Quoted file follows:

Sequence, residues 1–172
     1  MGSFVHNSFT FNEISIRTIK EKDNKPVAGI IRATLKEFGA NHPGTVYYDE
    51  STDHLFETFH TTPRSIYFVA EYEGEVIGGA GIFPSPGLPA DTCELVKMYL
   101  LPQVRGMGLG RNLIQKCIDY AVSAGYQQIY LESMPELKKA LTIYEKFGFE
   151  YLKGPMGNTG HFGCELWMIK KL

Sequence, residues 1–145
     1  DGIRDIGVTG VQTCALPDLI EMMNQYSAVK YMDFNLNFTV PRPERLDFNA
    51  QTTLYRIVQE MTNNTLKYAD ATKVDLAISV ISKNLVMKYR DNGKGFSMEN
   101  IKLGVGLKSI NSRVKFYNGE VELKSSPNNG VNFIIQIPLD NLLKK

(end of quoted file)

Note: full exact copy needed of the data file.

Sequence, residues 1–172
     1  MGSFVHNSFT FNEISIRTIK EKDNKPVAGI IRATLKEFGA NHPGTVYYDE
    51  STDHLFETFH TTPRSIYFVA EYEGEVIGGA GIFPSPGLPA DTCELVKMYL
   101  LPQVRGMGLG RNLIQKCIDY AVSAGYQQIY LESMPELKKA LTIYEKFGFE
   151  YLKGPMGNTG HFGCELWMIK KL

Sequence, residues 1–145
     1  DGIRDIGVTG VQTCALPDLI EMMNQYSAVK YMDFNLNFTV PRPERLDFNA
    51  QTTLYRIVQE MTNNTLKYAD ATKVDLAISV ISKNLVMKYR DNGKGFSMEN
   101  IKLGVGLKSI NSRVKFYNGE VELKSSPNNG VNFIIQIPLD NLLKK